I have seen the London Porter from Meantime at places like Bevmo and Whole Foods for quite some time now. However, I normally am not inclined to buy something that I have never heard of in 750 ml bottles. Fortunately, on my recent trip to the Beverage Warehouse in Marina Del Rey, CA, I found 11.2 oz bottles of the London Porter (The size likely has something to do with the fact that Meantime is in London, England). One immediately was placed in my basket.
The London Porter is a deep brown with a slight lean towards maroon. On the nose, it is almost as if this is not a malty beer. The aroma is mellow and light, only a slight amount of caramel malt notes are noticeable. DO NOT LET THAT FOOL YOU.
The subtlety of the London Porter's aroma is simply a disguise for a robust, full-flavored, complex porter. As soon as the beer touches the tongue, one's mouth goes wild, trying to decode the cryptic array of specialty grains that comprise this porter. According to Meantime, there are at least seven different varieties of grains that go in to the London Porter (I am not sure what "at least means" here, I would hope that they know exactly how many types go in the brew, but are choosing not to disclose this information).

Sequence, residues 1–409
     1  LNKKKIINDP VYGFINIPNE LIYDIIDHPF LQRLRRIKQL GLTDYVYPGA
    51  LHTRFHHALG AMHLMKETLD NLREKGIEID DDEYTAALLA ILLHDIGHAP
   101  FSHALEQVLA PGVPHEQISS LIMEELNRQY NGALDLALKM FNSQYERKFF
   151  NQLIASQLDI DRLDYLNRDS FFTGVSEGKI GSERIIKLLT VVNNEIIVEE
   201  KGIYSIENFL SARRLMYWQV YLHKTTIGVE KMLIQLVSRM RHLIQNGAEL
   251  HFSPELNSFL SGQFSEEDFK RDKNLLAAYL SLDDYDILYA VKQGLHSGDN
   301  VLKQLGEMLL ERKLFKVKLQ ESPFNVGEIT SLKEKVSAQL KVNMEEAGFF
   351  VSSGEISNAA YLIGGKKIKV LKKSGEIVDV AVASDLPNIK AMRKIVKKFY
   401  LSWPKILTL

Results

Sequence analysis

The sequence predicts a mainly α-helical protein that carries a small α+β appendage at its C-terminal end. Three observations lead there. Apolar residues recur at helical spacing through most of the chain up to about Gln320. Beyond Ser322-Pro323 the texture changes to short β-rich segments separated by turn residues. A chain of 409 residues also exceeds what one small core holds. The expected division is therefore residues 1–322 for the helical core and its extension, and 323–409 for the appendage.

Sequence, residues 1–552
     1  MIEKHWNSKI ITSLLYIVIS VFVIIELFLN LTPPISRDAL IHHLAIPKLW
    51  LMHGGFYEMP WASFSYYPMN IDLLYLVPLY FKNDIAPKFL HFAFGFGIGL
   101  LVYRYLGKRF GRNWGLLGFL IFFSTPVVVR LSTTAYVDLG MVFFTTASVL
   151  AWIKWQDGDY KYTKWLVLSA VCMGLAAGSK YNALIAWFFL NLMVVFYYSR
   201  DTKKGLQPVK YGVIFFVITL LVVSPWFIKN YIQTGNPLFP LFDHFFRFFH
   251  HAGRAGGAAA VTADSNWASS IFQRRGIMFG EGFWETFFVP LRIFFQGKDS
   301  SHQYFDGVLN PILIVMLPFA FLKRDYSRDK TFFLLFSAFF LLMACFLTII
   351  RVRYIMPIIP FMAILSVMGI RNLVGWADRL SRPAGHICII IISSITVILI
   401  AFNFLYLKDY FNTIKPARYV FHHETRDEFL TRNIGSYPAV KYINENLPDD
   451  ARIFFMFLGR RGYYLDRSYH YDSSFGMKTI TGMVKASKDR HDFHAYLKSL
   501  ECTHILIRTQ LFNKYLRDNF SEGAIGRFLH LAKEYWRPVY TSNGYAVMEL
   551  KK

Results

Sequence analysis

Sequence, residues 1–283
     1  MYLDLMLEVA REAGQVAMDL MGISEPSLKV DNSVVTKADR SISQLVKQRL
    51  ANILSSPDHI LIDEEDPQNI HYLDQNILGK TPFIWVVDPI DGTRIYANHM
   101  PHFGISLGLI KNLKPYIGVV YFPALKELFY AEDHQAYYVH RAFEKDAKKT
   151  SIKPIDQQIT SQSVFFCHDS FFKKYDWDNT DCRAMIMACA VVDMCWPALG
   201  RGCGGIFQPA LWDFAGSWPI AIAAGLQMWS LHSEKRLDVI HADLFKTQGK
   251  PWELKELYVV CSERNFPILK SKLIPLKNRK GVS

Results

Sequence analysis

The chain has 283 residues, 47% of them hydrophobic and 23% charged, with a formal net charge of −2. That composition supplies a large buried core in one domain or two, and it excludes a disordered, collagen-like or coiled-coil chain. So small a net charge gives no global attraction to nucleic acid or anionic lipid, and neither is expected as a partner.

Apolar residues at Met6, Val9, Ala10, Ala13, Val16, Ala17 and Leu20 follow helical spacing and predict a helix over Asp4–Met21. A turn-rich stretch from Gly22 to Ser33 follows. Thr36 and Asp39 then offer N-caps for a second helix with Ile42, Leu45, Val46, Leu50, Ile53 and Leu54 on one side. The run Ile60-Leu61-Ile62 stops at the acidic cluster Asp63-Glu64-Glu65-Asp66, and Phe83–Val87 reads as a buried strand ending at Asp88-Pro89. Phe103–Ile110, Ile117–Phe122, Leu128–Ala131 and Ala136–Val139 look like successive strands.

The array of malts gives a multitude of sensations in the mouth. One notices the dryness of the beer along with a hint of smoke flavor at first. This leads me to believe that one of the seven is a smoked malt. However, this is quickly consumed by the fullness of the beer. By "full" here, I mean oatmeal stout full. It is big and rich (this is not intended to be a reference to the country music stars, however, I do like some of their songs). This subsides and one is left with a lingering smokiness on the tongue that is quite pleasing, even for a lover of hops like myself. To get the full effect of the London Porter, allow it to warm a bit, say to about 50°F. I would try it though first right out of the refrigerator so that you have something to compare with.
The bottom line: A surprisingly delicious porter from a country that is not well represented in the microbrewery scene.